352 F3d 1075 United States v. Nation

352 F.3d 1075

UNITED STATES of America, Plaintiff-Appellee,
v.
Christopher NATION, Defendant-Appellant.

No. 02-6048.

United States Court of Appeals, Sixth Circuit.

Submitted: October 23, 2003.

Decided and Filed: December 12, 2003. Pursuant to Sixth Circuit Rule 206.

ON BRIEF: Jerry H. Summers, SUMMERS & WYATT, Chattanooga, Tennessee, for Appellant.

Hugh B. Ward, Jr., ASSISTANT UNITED STATES ATTORNEY, Knoxville, Tennessee, (briefed), Assistant United States Attorney, Knoxville, TN, for Appellee.

Jerry H. Summers (briefed), Summers & Wyatt, Chattanooga, TN, for Appellant.

Before: KEITH, MARTIN, and SUTTON, Circuit Judges.

OPINION

BOYCE F. MARTIN, JR., Circuit Judge.


Advertisement
view counter
1

This appeal concerns a due process challenge to 18 U.S.C. § 3742, a provision of the Sentencing Reform Act governing appellate review of otherwise final sentences. Christopher Nation requests that we review the district court's denial of his downward departure motion. Nation concedes that this case satisfies none of the requirements for appellate review that are set forth in section 3742(a) and, therefore, that we lack jurisdiction to review his sentence. He argues, however, that his inability to appeal constitutes a violation of his Fifth Amendment due process rights. For the reasons that follow, we hold that no due process violation has occurred and that we lack jurisdiction to review Nation's sentence.

I.

2

Christopher Nation was indicted for manufacturing methamphetamine in violation of 21 U.S.C. §§ 841(a)(1) and 841(b)(1)(C), and for possessing materials used in the manufacture of methamphetamine in violation of 21 U.S.C. § 843(a)(6). He pleaded guilty to the latter charge and the parties subsequently filed various motions with respect to sentencing. The district court denied the government's motion for a two-level enhancement for possession of a dangerous weapon and granted Nation's motion for a two-level reduction pursuant to the "safety valve" provisions embodied in 18 U.S.C. § 3553(f) and section 5C1.2 of the United States Sentencing Guidelines.

3

Nation also filed a motion for a downward departure on two other grounds. First, Nation argued that he was entitled to a downward departure pursuant to sections 5H1.2, 5H1.6 and 5H1.10 of the Sentencing Guidelines because his incarceration created an adverse collateral employment consequence affecting his father's business, Nation's Glass, Inc. Second, Nation argued that he was entitled to a downward departure under section 5K2.0 for a "combination of factors," including his assistance to the government.1 The district court held a hearing on the motion, at which Nation's father testified on Nation's behalf. Following the hearing, the district court denied the motion, holding that Nation was not entitled to a collateral employment consequence departure because he was not indispensable to his father's business, and that while a combination of factors could generally justify a downward departure, there were no factors justifying such a departure in this case. Ultimately, the district court sentenced Nation to six years and six months of imprisonment, as well as three years of supervised release.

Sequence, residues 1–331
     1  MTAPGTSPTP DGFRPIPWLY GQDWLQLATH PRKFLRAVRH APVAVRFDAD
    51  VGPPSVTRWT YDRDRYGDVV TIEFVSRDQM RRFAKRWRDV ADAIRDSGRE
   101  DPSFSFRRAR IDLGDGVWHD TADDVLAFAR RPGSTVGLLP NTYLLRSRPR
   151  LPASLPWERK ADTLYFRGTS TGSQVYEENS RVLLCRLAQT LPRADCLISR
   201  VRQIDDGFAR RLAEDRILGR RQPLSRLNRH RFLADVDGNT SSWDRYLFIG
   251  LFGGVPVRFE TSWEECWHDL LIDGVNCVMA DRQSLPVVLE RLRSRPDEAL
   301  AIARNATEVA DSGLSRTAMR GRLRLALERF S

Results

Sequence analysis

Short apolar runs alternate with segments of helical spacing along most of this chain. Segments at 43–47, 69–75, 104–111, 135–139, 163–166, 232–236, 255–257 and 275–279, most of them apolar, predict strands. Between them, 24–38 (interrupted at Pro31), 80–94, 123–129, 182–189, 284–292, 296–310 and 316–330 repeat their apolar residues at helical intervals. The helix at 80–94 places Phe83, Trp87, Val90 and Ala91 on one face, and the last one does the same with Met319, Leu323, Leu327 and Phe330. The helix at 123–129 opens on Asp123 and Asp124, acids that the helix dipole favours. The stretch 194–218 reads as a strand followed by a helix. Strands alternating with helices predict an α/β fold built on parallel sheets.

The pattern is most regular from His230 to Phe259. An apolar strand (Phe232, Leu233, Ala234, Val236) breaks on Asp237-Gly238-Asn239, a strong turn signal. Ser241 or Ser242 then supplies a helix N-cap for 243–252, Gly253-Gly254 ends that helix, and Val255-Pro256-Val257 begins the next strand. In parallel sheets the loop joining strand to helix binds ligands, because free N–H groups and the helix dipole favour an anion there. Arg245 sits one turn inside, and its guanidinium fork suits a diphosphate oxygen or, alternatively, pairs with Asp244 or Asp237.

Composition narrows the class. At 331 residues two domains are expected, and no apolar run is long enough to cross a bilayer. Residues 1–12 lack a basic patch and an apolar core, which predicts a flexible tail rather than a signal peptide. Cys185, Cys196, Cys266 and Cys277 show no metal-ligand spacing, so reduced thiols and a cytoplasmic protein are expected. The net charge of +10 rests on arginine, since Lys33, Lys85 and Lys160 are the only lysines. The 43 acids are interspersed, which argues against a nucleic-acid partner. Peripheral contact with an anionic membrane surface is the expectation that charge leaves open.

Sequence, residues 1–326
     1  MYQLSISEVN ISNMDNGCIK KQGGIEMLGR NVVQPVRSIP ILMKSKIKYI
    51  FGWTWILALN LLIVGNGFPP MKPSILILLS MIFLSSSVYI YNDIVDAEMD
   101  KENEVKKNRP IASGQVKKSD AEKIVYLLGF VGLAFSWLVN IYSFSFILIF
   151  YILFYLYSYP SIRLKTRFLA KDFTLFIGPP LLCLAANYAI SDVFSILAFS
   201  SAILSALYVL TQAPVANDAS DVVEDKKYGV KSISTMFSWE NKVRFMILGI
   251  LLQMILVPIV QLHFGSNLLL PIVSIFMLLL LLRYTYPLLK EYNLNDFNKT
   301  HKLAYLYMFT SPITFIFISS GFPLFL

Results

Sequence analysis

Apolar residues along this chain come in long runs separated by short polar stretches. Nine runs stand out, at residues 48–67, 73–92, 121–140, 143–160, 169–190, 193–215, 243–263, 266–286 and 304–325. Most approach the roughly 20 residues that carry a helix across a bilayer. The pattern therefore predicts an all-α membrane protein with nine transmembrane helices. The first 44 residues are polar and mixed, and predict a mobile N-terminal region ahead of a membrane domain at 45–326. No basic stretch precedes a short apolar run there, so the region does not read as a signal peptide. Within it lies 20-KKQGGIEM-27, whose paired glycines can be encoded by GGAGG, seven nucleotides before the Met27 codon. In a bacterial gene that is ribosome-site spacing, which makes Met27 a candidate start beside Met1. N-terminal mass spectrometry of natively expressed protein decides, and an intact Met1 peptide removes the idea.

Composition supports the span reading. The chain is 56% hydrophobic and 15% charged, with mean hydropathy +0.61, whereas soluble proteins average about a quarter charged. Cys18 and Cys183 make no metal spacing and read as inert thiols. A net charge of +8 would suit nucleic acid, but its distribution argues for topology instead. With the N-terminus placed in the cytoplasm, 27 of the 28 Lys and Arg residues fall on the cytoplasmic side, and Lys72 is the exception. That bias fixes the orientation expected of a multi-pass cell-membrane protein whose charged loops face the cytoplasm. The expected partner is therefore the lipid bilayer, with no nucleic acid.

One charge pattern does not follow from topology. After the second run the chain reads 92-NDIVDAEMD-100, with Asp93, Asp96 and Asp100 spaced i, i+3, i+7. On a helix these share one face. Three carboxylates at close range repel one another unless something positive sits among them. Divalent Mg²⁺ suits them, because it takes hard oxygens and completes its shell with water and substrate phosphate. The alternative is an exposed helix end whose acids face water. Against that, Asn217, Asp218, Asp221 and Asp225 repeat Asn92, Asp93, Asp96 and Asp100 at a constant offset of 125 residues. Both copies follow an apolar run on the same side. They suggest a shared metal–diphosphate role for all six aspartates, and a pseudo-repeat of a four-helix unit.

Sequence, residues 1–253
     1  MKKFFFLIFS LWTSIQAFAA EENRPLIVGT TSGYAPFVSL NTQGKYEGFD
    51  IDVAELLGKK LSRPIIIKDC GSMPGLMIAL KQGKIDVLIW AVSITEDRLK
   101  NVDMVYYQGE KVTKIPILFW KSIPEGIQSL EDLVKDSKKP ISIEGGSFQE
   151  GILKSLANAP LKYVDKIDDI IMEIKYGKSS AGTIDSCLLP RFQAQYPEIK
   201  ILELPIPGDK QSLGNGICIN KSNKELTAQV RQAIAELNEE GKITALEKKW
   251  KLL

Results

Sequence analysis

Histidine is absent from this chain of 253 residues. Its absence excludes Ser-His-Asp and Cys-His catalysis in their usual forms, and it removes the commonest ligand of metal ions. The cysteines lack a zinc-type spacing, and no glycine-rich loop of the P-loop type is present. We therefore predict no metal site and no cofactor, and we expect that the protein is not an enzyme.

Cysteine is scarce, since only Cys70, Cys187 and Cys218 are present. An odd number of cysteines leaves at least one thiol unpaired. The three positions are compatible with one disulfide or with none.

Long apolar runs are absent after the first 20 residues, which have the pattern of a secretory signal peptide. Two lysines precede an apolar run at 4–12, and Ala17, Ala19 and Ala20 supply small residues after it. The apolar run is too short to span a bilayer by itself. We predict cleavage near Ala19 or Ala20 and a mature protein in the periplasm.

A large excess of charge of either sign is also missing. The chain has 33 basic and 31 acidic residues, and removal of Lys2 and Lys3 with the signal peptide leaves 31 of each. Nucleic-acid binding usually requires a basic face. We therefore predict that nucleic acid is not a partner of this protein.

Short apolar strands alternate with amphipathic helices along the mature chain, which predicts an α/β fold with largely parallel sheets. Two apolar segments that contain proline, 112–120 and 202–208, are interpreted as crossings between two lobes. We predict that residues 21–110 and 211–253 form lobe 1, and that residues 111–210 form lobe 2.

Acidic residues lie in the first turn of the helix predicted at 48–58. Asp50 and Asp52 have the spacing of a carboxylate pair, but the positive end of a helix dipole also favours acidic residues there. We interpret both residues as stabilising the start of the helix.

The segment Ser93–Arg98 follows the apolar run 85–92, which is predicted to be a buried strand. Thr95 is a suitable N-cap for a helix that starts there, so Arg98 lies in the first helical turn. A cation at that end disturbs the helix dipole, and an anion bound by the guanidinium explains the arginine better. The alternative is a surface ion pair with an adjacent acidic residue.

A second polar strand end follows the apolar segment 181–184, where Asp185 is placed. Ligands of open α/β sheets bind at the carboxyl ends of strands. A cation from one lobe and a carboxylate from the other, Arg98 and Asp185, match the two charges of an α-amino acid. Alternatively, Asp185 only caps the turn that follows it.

II.

4

The sole issue in this appeal concerns the district court's denial of Nation's motion for a downward departure pursuant to sections 5H1.2, 5H1.6, 5H1.10 and 5K2.0 of the Sentencing Guidelines. Nation recognizes that 18 U.S.C. § 3742(a) permits a criminal defendant to appeal an otherwise final sentence only if the sentence:

5

(1) was imposed in violation of law;

6

(2) was imposed as a result of an incorrect application of the sentencing guidelines;[ ]

7

(3) is greater than the sentence specified in the applicable guideline range to the extent that the sentence includes a greater fine or term of imprisonment, probation, or supervised release than the maximum established in the guideline range, or includes a more limiting condition of probation or supervised release under section 3563(b)(6) or (b)(11) than the maximum established in the guideline range; or


Advertisement
view counter
8

(4) was imposed for an offense for which there is no sentencing guideline and is plainly unreasonable.